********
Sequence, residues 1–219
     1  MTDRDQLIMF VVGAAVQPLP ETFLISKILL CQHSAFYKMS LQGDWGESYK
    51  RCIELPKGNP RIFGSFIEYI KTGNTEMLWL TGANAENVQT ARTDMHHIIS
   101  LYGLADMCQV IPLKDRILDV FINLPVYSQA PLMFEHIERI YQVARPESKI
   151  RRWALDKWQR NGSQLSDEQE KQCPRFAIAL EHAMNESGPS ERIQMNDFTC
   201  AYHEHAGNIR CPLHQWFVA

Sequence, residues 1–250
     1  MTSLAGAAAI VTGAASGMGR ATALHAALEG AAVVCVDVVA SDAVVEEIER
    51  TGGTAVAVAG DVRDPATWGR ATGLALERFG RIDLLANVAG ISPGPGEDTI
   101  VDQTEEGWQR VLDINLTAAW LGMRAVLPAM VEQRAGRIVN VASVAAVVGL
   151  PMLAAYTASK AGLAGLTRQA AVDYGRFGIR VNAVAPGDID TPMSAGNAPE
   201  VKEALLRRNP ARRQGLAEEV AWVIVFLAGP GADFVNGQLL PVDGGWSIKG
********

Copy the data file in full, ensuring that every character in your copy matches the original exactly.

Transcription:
Sequence, residues 1–219
     1  MTDRDQLIMF VVGAAVQPLP ETFLISKILL CQHSAFYKMS LQGDWGESYK
    51  RCIELPKGNP RIFGSFIEYI KTGNTEMLWL TGANAENVQT ARTDMHHIIS
   101  LYGLADMCQV IPLKDRILDV FINLPVYSQA PLMFEHIERI YQVARPESKI
   151  RRWALDKWQR NGSQLSDEQE KQCPRFAIAL EHAMNESGPS ERIQMNDFTC
   201  AYHEHAGNIR CPLHQWFVA

Sequence, residues 1–250
     1  MTSLAGAAAI VTGAASGMGR ATALHAALEG AAVVCVDVVA SDAVVEEIER
    51  TGGTAVAVAG DVRDPATWGR ATGLALERFG RIDLLANVAG ISPGPGEDTI
   101  VDQTEEGWQR VLDINLTAAW LGMRAVLPAM VEQRAGRIVN VASVAAVVGL
   151  PMLAAYTASK AGLAGLTRQA AVDYGRFGIR VNAVAPGDID TPMSAGNAPE
   201  VKEALLRRNP ARRQGLAEEV AWVIVFLAGP GADFVNGQLL PVDGGWSIKG